Being diagnosed with chronic obstructive pulmonary disease (COPD) in 2014 put an end to more than 35 years of heavy smoking for Mr Ramasamy Sinnasamy.

The warning signs were all there – persistent coughing, shortness of breath, wheezing and chest tightness – but the 59-year-old operations manager had not made an effort to do anything about them.

“If I had known earlier, I would have quit smoking earlier,” said Mr Ramasamy, a father of three who used to smoke two packets of cigarettes a day.

He found out he had the disease only when he went to see a doctor for a persistent cough that did not get better after three months.

He said: “I also used to get very breathless just climbing the steps of overhead bridges.” He had previously attributed this to a combination of ageing and minor illnesses.

More than 80 per cent of chronic obstructive pulmonary disease in Singapore is caused by tobacco smoking. The disease was the 10th leading cause of death here last year, according tothe Ministry of Health. Dr Jessica Tan, an associate consultant at the Singapore General Hospital's (SGH's) department of respiratory and critical care medicine, said: “Other causes of COPD include external factors such as air pollution and exposure to occupational dust and chemicals.”

Industrial workers who are exposed to chemical fumes on a long-term basis are at some risk.


It is a lung disease characterised by damage that reduces the air capacity of the lungs.

When a person breathes, the air enters the windpipe and goes into tubes known as airways, and bunches of tiny, round air sacs known as alveoli.

Oxygen then passes through the air sac walls into the bloodstream. At the same time, carbon dioxide moves from the capillaries – the fine blood vessels – into the air sacs and is expelled when the person exhales.

Long-term exposure to lung irritants, such as tobacco smoke, damages both the airways and air sacs. They become less elastic and their walls are thick and inflamed, or destroyed.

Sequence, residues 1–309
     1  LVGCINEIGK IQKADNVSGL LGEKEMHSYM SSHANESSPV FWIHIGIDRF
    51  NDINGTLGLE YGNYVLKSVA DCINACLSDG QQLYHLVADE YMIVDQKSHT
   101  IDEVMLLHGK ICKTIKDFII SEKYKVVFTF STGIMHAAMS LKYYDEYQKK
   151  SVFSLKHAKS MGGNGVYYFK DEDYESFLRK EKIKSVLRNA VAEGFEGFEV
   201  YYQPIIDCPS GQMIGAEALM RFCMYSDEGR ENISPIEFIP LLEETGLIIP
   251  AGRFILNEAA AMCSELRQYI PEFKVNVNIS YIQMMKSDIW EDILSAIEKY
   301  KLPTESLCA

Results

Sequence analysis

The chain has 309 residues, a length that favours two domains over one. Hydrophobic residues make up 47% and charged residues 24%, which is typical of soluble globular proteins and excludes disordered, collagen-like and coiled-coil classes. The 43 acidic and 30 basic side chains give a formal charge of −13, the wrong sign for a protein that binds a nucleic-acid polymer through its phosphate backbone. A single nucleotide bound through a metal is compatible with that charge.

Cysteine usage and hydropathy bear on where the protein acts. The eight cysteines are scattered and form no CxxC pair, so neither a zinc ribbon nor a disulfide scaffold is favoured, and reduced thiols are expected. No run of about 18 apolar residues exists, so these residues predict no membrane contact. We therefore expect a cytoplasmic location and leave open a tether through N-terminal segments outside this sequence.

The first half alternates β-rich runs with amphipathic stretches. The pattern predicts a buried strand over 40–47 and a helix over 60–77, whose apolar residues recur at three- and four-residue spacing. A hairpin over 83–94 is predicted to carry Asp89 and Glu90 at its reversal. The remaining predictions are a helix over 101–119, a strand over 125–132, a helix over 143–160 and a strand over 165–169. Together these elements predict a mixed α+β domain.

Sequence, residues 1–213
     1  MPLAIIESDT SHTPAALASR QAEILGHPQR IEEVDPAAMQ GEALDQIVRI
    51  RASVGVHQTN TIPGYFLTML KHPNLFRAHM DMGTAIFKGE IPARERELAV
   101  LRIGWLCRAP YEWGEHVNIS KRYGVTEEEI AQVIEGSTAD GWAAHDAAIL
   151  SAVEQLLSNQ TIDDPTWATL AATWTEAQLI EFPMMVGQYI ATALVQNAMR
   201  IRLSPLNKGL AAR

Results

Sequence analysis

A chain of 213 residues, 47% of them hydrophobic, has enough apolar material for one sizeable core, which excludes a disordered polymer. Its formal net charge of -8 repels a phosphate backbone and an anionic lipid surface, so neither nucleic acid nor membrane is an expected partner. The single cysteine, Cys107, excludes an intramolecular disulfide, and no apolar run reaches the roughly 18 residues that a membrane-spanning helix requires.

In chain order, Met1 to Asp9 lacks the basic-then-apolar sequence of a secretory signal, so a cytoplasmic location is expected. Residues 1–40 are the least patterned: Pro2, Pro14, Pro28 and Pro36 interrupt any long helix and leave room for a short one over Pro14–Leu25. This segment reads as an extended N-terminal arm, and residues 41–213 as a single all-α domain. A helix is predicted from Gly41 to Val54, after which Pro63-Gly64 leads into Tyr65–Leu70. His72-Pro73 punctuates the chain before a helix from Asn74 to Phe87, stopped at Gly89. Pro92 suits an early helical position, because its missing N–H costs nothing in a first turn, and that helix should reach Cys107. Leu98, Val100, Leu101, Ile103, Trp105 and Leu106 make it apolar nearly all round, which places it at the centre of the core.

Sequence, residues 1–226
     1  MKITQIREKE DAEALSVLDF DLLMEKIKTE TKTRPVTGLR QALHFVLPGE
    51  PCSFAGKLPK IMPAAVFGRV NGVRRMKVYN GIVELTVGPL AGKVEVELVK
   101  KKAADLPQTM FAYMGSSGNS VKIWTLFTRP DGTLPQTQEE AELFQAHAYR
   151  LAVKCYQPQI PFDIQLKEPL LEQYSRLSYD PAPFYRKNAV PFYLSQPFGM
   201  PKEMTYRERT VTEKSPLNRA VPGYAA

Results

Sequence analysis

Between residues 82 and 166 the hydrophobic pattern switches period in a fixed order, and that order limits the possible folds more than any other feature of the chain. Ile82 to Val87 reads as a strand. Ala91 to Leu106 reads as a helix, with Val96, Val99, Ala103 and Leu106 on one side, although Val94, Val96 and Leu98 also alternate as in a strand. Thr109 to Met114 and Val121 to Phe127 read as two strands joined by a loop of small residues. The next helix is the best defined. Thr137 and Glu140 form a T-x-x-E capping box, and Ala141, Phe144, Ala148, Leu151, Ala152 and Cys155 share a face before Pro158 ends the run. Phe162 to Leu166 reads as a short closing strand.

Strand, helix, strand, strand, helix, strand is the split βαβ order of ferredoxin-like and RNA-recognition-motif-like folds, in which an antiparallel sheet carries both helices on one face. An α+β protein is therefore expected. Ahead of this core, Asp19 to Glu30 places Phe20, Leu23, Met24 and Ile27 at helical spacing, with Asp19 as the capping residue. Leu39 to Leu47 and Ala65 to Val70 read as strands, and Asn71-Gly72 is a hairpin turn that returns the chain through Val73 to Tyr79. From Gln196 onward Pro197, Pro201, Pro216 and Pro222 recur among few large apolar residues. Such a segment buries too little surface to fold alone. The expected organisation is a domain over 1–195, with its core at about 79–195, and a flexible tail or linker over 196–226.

The airways also produce more mucus than usual, which can clog them. As a result, less air flows in and out of the airways.


The disease most commonly affects people over the age of 40 because it is caused by long-term exposure to lung irritants.

More than 80 per cent of patients with the condition here are above the age of 65, said Dr Tan.


There is no way to reverse the damage done to the airways and air sacs.

Dr Tan emphasised, however, that the disease is preventable and treatable.

“You can prevent it by refraining from smoking, As for treatment, smoking cessation is the most important intervention.”

Patients are treated with a combination of influenza and pneumonia vaccinations to prevent complications, as well as physiotherapy.

Most patients use inhalers, which deliver drugs to relax the muscles around the airways, making breathing easier.

The frequency of use depends on how severe the disease is. Inhaled steroids can also be used, usually in combination with long acting drugs called beta-agonists.

More severe cases can be put on long-term oxygen therapy, where extra oxygen is administered through a mask, for example.

Mr Ramasamy uses an inhaler and makes sure to do exercises at least once a week, such as walking, jogging or cycling.

But the most important step for him was to stop smoking. “I feel a lot better now. I’m breathing better and my appetite has improved,” he said.